Waqar Younis and Ejaz Ahmed should be given at least a year to prove their worth. Hire-and-fire policy will not work, says Wasim Akram. Now that the dice has been casted and the skipper and squad for the ICC T20 World Cup in the West Indies have been decided, Pakistan must now look forward to the championship with a positive frame of mind. I am not surprised Shahid Afridi has been named the captain. I mentioned this in my previous column when the IPL started. In Pakistan cricket, there is a value for nuisance! Afridi may have earned Pakistan some bad name by the chewing-the-ball incident in Perth in January-end, but all that is forgotten now.
Afridi has been captaining Pakistan cricket in T20 internationals and under the circumstances, he is the best man to lead in the Caribbean. He has a lot of energy and this format of the game, needs his aggressive approach. Surely, he will now be thinking about the World Cup because the nation's prestige will be in his hands. He just has to control his wildfire emotions. Afridi has a few advantages. In coaches Waqar Younis and Ejaz Ahmed, he will have two men who understand the game and the body language of the players. I think this is the best team management Pakistan can ask for.
I am happy for Waqar. He always wanted to be the coach of Pakistan. And why not? Waqar has played the game at the highest level, he knows the modern methods and can be a hard task master. Ejaz has been one of Pakistan's brilliant all-rounders and a good motivator. This combination should work well. Waqar knows what it is to be in the Pakistan team. Discipline has always been an issue with the national side and I think Waqar, with his persona and work ethics, can wield the danda (stick) to erring players, if required. He must be given a year to prove himself.
People have been asking me why haven't I associated myself with the national side? Well, I am always available for the Pakistan team. If Waqar calls me for the camps, I will be happy to go and share a few thoughts with the bowlers. Unlike many of our senior cricketers, I am not hankering for money from the PCB. I am available for free as long as my professional commitments are not compromised.
It is high time to put some code of conduct in place. With immediate effect, national players must not talk freely to the media. All contracted players must follow the ethics and defaulters must be sacked at once. Bans and fines don't work Communication with the media is a must for the game to move on, but it should not boil down to public mud-slinging. Senior boys like Shoaib Malik,Younis Khan and Mohammed Yousuf have in recent times used the media platform to vent their ire against each other or the establishment. It has been disgraceful to say the least. Media communication has to be in a controlled manner and the PCB must ensure this.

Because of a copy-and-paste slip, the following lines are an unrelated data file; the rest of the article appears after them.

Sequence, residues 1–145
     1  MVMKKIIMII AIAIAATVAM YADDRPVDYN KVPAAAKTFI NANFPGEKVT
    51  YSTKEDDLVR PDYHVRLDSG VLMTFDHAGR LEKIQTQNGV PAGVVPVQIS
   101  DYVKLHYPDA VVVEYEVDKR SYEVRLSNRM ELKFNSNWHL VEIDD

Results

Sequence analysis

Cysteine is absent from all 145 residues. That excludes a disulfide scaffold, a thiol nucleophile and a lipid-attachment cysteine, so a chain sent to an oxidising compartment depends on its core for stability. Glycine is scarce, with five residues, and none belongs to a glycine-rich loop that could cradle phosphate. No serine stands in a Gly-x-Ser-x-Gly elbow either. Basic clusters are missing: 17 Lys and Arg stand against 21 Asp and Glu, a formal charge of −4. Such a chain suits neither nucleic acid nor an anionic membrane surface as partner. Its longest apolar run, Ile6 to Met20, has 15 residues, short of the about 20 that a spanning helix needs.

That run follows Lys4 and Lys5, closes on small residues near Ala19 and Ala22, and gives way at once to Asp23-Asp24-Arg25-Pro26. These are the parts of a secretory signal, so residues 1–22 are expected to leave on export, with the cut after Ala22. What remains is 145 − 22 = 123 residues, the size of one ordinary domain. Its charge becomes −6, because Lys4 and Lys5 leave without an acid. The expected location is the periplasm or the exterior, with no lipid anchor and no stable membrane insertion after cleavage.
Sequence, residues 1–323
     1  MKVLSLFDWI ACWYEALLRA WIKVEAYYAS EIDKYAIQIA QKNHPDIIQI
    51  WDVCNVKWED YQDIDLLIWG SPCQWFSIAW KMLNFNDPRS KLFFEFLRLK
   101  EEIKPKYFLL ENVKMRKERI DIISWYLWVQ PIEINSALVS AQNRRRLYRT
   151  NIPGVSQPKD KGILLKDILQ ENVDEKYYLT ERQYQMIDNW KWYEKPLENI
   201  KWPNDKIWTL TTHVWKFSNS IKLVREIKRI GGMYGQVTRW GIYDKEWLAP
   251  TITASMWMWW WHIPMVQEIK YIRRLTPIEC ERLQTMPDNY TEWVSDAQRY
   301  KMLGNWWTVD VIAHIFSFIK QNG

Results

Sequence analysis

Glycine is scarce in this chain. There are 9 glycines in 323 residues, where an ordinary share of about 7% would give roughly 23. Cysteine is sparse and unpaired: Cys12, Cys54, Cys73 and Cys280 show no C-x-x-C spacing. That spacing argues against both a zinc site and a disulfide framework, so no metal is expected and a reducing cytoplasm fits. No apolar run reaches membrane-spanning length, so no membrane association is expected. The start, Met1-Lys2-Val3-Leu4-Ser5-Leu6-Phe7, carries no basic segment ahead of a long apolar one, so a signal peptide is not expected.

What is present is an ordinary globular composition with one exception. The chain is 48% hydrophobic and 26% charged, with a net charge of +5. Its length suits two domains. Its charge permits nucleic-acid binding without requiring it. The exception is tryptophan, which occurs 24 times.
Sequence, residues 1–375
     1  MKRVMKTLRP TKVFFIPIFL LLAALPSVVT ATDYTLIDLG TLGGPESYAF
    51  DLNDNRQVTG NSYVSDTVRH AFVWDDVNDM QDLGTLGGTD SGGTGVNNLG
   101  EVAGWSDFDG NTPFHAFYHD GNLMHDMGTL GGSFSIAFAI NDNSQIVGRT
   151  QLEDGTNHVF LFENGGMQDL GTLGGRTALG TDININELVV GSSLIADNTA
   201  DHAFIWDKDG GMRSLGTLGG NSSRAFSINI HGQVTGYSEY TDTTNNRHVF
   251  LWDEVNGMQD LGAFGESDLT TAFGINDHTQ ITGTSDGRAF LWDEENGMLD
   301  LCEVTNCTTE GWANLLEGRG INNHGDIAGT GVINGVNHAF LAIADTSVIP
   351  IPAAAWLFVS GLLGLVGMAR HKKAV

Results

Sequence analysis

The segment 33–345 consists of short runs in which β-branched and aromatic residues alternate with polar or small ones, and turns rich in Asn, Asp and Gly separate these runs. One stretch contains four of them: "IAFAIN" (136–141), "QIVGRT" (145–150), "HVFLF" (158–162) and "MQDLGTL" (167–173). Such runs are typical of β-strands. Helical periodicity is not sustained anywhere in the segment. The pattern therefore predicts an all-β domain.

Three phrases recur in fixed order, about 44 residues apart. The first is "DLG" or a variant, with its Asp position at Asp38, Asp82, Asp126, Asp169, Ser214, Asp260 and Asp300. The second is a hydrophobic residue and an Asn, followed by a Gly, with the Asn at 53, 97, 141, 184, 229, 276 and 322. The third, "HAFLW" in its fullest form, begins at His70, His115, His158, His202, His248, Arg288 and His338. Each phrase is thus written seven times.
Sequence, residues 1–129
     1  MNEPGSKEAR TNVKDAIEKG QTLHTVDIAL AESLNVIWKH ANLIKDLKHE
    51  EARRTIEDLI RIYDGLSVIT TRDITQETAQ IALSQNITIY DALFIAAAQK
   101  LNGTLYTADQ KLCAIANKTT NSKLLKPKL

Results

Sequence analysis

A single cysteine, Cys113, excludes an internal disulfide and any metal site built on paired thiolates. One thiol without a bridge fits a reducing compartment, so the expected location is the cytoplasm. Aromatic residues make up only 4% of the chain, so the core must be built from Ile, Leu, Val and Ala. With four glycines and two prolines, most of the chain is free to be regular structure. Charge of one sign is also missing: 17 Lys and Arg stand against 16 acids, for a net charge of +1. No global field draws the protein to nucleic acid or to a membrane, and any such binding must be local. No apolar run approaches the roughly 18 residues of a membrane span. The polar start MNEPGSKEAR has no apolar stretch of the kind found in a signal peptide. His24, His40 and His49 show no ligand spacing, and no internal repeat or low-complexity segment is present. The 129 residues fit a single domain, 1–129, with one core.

Unfortunately, a lot of negative energy flows through Pakistan cricket. I think the biggest enemies of Pakistan cricket have been our ex-players. The biggest paradox in this respect is Javed Miandad. He has been the single biggest critic of the PCB and the interesting thing is, Javedbhai is one of the highest paid employees of the Board! I have all my regards for Javedbhai. But then when I see him ridiculing the PCB after taking a salary every month, I wonder if he has any loyalty left in him? But then Miandad is not the only person who talks ill about Pakistan cricket. There are quite a few former captains who are doing this using the many media channels. My understanding is that they are all gunning for paid positions in the PCB. Give them a job and they will be quiet!
Not much time is left for the World Cup. Mental conditioning, regimented training and discipline will be factors to succeed. T20 is not an easy game. Sshorter the version, less is the margin for error. But Pakistan have the ingredients to explode on the world scene once again. Go for it, boys!
(Wasim Akram is Pakistan's former Test captain. He is one of ESPN-STAR Sports' cricket experts)